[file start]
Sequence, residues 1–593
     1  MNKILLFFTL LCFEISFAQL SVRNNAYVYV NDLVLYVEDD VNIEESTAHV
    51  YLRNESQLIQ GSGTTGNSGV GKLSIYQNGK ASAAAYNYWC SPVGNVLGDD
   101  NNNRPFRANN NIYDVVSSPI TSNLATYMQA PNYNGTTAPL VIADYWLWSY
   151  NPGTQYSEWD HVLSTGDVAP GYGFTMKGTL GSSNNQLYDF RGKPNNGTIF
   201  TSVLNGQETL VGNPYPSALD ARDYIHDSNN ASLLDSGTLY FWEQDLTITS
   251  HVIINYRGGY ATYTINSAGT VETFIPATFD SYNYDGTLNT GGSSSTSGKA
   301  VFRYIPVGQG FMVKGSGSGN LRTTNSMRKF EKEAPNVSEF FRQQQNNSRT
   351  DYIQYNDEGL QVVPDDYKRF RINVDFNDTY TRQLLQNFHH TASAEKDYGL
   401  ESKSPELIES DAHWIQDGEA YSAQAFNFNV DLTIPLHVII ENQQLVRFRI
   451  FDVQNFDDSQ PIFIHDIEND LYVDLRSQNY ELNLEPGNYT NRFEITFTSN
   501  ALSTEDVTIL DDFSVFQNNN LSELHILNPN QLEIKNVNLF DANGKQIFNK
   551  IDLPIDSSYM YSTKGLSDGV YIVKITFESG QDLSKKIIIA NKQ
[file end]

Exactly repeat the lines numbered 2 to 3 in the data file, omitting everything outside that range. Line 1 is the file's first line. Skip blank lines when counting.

     1  MNKILLFFTL LCFEISFAQL SVRNNAYVYV NDLVLYVEDD VNIEESTAHV
    51  YLRNESQLIQ GSGTTGNSGV GKLSIYQNGK ASAAAYNYWC SPVGNVLGDD